Aaron Sorkin has to be one of the most incorrigibly brilliant writers out there. Please read below and enjoy his most recent piece published in The Huffington Post; it is not typical AjiacoMix material and he –sadly- didn’t send it in for me to post, but I’m replicating it anyway for your reading and learning pleasure. MAP
By Aaron Sorkin
Sid Caesar is making his way to a small stage in a banquet room at the Ritz-Carlton Hotel in Pasadena. The occasion is the annual Television Critics Association Awards and a few weeks ago when you heard Caesar was getting their Lifetime Achievement Award for his contribution to television you took a moment to wonder, if the TV critics are just getting around to giving him the award this year, who in the world did they give it to last year.
Your Show of Shows, written by a team of unknowns with names like Mel Brooks, Carl Reiner, Neil Simon, Imogene Coca and Allen Stewart Konigsberg — a kid from Brooklyn who signed his checks Woody Allen — was television’s first great television show. The only thing Caesar was better at than physical comedy was language. His characters, whether a world-renowned professor of nothing in particular or an incompetent waiter in a snooty restaurant, frequently spoke rapid fire languages of dubious origin. Joseph McCarthy thought Sid Caesar was very dangerous. Sid Caesar didn’t care what Joseph McCarthy thought. It was on.
You remember a story you once heard. During the height of Your Show of Shows, Caesar was shaving in his bathroom mirror when his seven-year-old daughter took up a position in the doorway.
Dad, what’s you name?
You know my name, sweetheart. It’s Sidney.
You’re Sid Caesar?!
But right now, as he makes his way to the stage in front of a banquet room full of people dressed in “festive business attire” as instructed on their invitations, Sid Caesar isn’t looking like someone you want to be.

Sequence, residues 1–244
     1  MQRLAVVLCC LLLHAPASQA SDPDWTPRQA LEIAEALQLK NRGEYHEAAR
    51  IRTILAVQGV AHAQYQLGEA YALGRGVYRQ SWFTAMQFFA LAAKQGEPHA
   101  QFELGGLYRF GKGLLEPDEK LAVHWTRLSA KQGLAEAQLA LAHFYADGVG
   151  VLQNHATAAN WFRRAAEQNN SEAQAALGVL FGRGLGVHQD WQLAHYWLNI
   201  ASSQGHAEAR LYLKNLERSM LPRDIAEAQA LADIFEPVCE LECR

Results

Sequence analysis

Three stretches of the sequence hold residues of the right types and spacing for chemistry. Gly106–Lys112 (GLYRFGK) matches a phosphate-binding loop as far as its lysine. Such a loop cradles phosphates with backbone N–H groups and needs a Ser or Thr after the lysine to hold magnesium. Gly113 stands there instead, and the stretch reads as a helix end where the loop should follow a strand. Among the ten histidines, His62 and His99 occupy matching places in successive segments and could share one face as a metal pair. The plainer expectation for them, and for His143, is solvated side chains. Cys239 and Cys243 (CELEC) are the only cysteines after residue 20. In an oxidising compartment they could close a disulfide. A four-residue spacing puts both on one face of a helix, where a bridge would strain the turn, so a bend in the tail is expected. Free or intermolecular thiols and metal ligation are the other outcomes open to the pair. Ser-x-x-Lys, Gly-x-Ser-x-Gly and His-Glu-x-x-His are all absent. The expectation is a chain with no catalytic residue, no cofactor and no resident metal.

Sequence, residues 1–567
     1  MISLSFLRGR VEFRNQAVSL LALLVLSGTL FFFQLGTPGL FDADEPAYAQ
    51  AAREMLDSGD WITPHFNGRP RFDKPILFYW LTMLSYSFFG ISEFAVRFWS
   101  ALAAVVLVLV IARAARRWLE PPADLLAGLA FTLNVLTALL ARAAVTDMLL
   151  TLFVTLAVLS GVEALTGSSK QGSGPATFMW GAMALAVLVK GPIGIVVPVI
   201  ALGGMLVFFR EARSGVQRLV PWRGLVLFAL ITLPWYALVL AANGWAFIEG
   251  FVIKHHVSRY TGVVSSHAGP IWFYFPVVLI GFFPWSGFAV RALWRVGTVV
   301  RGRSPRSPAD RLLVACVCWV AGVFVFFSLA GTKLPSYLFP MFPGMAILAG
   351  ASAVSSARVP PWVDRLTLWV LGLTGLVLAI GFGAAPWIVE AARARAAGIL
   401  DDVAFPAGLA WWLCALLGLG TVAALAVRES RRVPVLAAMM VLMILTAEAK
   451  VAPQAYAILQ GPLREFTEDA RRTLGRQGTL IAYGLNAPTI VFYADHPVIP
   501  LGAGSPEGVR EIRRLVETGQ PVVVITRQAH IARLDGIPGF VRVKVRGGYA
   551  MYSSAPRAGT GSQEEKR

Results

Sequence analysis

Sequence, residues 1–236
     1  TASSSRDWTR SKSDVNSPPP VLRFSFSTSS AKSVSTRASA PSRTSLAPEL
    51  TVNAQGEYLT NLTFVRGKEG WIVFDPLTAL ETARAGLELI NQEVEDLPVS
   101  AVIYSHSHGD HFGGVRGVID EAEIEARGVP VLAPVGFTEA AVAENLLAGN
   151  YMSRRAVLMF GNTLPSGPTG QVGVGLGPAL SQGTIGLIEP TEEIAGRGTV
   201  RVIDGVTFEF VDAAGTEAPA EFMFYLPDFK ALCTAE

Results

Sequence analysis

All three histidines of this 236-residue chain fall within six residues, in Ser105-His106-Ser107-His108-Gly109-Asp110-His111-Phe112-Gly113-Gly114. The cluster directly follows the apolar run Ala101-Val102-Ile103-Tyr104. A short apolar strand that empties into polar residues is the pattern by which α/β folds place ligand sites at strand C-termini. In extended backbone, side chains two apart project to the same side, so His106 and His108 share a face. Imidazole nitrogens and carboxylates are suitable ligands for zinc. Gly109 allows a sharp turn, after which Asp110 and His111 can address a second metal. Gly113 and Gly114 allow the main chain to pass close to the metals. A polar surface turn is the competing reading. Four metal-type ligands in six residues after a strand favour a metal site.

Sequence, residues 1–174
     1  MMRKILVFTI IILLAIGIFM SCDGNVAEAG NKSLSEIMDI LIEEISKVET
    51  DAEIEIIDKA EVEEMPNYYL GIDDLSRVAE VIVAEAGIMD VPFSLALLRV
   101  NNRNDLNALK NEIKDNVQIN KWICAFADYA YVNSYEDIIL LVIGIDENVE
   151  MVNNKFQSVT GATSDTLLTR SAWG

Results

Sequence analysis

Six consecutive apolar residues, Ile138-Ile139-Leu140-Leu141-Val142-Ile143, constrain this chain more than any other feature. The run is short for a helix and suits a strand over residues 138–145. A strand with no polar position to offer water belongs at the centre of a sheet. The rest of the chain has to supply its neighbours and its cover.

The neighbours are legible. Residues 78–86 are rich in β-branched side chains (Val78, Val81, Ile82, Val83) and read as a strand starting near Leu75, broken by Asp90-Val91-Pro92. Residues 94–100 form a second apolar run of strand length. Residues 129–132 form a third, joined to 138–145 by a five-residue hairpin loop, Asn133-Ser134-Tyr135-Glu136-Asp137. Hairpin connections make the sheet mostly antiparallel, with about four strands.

He’s in very poor health. He needs an escort to help him to the podium and that’s going to take a little while. You want to lean over to Allison Janney, seated next to you, and whisper, “I can’t remember, has he had a stroke?” But you don’t.
You think about whether it was hard for him to tie his necktie tonight and wonder how long it’s been since he drove himself somewhere in a car and that he probably misses that.
You worry that this entertainer — for whom language was like a baseball coming at you from Satchel Paige — you worry that he probably can’t get a clear sentence out of his mouth.
“Don’t worry,” you implore him telepathically, “all you have to do is make it to the podium and thank the TCA and then you’ll get another standing ovation like the one you’re getting now.”
And now he’s at the podium and his escort steps back out of the light and Caesar stands there wordlessly for a long, long moment, which has everyone a little nervous. Until he raises his arms and thanks the TCA.
But not really.
You can’t believe it. He’s thanking the TCA, with grand and precise gesticulation, as The Man Who Almost Speaks French. You can’t remember the last time you were with a group of people laughing this loudly and this sincerely. He goes on for a minute and a half (a lifetime on stage) and when he’s done he starts thanking the TCA all over again in Almost German.
Your table — the whole gang from The West Wing — has completely lost control, as have the rest of the five-hundred or so people in attendance. You look over to your friend, Brad Whitford, who’s looking back at you and holding an arm toward the stage — Are you seeing this? — and just in case there was anyone left in the room who was feeling sorry for him because he needed help walking to the stage or tying his tie, Caesar starts all over again in Almost Italian.
And you’re so happy that you get to work in television.
I come from a long line of people who came after Caesar. There was Playhouse 90 that brought us Arthur Miller, Tennessee Williams, Rod Serling and Paddy Chayefsky. James L. Brooks who wrote the best episodes of The Mary Tyler Moore Show and Taxi. Norman Lear — responsible for All in the Family — passed the baton to Larry Gelbart who created M*A*S*H and M*A*S*H paved the way for Steven Bochco, David E. Kelley, David Milch, David Chase, Larry David, Phil Rosenthal, Steve Levitan, Greg Daniels, Matt Weiner and dozens of others.
I hope as the Huffington Post launches its coverage of television they remember that at any given hour in the day, there are about 600 choices of what to watch. 599 of them will be bad — one of them will be Sid Caesar.
Which is which is entirely up to you.